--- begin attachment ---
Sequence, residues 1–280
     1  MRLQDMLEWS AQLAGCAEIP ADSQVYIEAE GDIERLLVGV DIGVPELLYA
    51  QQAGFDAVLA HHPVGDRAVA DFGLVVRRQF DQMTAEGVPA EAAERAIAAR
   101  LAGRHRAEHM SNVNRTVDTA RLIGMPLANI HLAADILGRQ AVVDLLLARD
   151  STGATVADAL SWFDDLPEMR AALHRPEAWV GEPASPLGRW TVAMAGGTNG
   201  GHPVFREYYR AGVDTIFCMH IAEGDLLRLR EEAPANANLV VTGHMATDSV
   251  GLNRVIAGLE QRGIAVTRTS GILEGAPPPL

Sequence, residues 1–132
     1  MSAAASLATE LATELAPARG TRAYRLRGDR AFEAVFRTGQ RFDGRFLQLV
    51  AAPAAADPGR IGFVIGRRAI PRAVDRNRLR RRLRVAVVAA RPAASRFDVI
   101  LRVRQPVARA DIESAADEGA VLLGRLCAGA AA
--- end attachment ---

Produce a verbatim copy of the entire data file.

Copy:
Sequence, residues 1–280
     1  MRLQDMLEWS AQLAGCAEIP ADSQVYIEAE GDIERLLVGV DIGVPELLYA
    51  QQAGFDAVLA HHPVGDRAVA DFGLVVRRQF DQMTAEGVPA EAAERAIAAR
   101  LAGRHRAEHM SNVNRTVDTA RLIGMPLANI HLAADILGRQ AVVDLLLARD
   151  STGATVADAL SWFDDLPEMR AALHRPEAWV GEPASPLGRW TVAMAGGTNG
   201  GHPVFREYYR AGVDTIFCMH IAEGDLLRLR EEAPANANLV VTGHMATDSV
   251  GLNRVIAGLE QRGIAVTRTS GILEGAPPPL

Sequence, residues 1–132
     1  MSAAASLATE LATELAPARG TRAYRLRGDR AFEAVFRTGQ RFDGRFLQLV
    51  AAPAAADPGR IGFVIGRRAI PRAVDRNRLR RRLRVAVVAA RPAASRFDVI
   101  LRVRQPVARA DIESAADEGA VLLGRLCAGA AA